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State and Institutional FAFSA Deadlines

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Whether you’re applying to a state or an institutional FAFSA, you need to understand the deadlines. You also need to understand how to make changes to your FAFSA if you don’t meet these deadlines. You also need to understand the appeal process if you are denied.

Student Aid Report (SAR)

Whether you are applying for state or institutional FAFSA, you can expect to receive a Student Aid Report (SAR). This document provides basic information about the federal student aid programs you are eligible for. It also contains your Expected Family Contribution (EFC) which is an index number used by colleges to determine your eligibility for financial aid.

When you receive a Student Aid Report, you should check it carefully. It may contain inaccurate information or information that is not typical for your family. You can make corrections to your report by going to the official FAFSA website. If you have not received your SAR within 7 to 10 days of completing your FAFSA, you should contact the Office of Financial Aid.

Students who have submitted a paper FAFSA can expect to receive a paper copy of their Student Aid Report in a week to 10 days. If you submitted your FAFSA electronically, you can expect your SAR within three to five days.

Also Read: Dive deeper into FAFSA

Expected Family Contribution (EFC)

Getting an EFC is the first step to receiving federal financial aid. It’s estimated by the government and is used to determine your eligibility for need-based aid. Getting an EFC number is free and can be completed online. You will need to fill out a FAFSA and provide your personal and financial information.

The EFC is the federal government’s estimated family contribution to college costs. The average EFC is $14,000 for a four-year college and about $6,000 for a community college. A higher EFC indicates that your family has a lot of money. However, an EFC of zero indicates that your family has no resources to pay for college.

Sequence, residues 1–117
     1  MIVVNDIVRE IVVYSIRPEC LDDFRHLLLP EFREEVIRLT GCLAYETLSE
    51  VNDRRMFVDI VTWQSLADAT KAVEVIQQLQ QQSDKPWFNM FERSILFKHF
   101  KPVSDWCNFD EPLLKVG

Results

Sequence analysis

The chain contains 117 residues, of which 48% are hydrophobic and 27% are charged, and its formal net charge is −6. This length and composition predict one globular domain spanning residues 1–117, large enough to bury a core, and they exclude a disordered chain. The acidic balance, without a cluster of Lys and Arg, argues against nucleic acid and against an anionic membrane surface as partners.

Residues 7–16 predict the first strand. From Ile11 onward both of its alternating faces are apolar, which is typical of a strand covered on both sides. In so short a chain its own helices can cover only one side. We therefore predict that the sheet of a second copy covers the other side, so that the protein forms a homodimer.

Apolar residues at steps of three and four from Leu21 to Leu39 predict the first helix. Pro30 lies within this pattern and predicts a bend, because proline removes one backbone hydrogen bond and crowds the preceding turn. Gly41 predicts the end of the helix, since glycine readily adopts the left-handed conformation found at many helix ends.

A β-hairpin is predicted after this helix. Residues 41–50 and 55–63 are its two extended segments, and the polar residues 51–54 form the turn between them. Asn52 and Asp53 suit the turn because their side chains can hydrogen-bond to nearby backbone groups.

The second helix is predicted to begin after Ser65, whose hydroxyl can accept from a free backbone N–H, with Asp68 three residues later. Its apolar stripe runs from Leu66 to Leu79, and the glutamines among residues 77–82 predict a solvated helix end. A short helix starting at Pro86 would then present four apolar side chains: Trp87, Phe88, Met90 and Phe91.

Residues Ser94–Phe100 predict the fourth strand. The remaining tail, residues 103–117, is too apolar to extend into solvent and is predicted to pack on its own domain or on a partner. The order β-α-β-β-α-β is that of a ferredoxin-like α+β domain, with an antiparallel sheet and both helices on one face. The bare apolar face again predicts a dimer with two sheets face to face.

The EFC is calculated from a number of different sources. The federal government uses three different formulas to determine an EFC. The formulas all take into account different factors. The federal formula considers household income, taxes paid, and family size.

In addition, the EFC calculator is part of the FAFSA. The FAFSA includes several questions about personal and financial information. Some of the information asked includes your Social Security number, name, address, date of birth, and adjusted gross income.

Get More: FAFSA open date and deadline

Changes you can’t make to your FAFSA

Keeping up with the deadlines for FAFSA is important. If you miss it, you won’t get the financial aid you need. You also may need to apply for additional financial aid. You should also make sure you don’t miss any state or institutional deadlines.

FAFSA asks for a lot of information about your finances, including income and assets. If you have changed your marital status or your income, you may need to update your information. Your school’s financial aid office can help you find the information you need.

FAFSA is designed to help colleges determine your financial aid eligibility. It uses information from your tax return two years prior. If you make a mistake, you can amend the form online. This usually takes about three to five days.

Your FAFSA may also need to be updated if your Social Security number is incorrect. If you change your SSN, you may need to contact your school’s financial aid office.

Read More: File your FAFSA for next year close to October 1

Appeal letter

Appeals are the final option to be considered in situations where there is a denial of financial aid. An appeal should be written in a professional, formal manner, using clear, concise language. It should be sent to the college financial aid office by certified mail with a return receipt requested.

An appeal should be submitted well in advance of National Decision Day. The deadline for this type of letter is usually May 20th. It is important to have the letter signed by the parent or dependent student. The letter should also include information on the net cost of attendance, and should compare the financial aid offers. If an appeal is successful, the student will be reinstated for financial aid eligibility. If it is not, the student may have to rethink his or her choice of school.

Also Read:  File your FAFSA for last year by June 30

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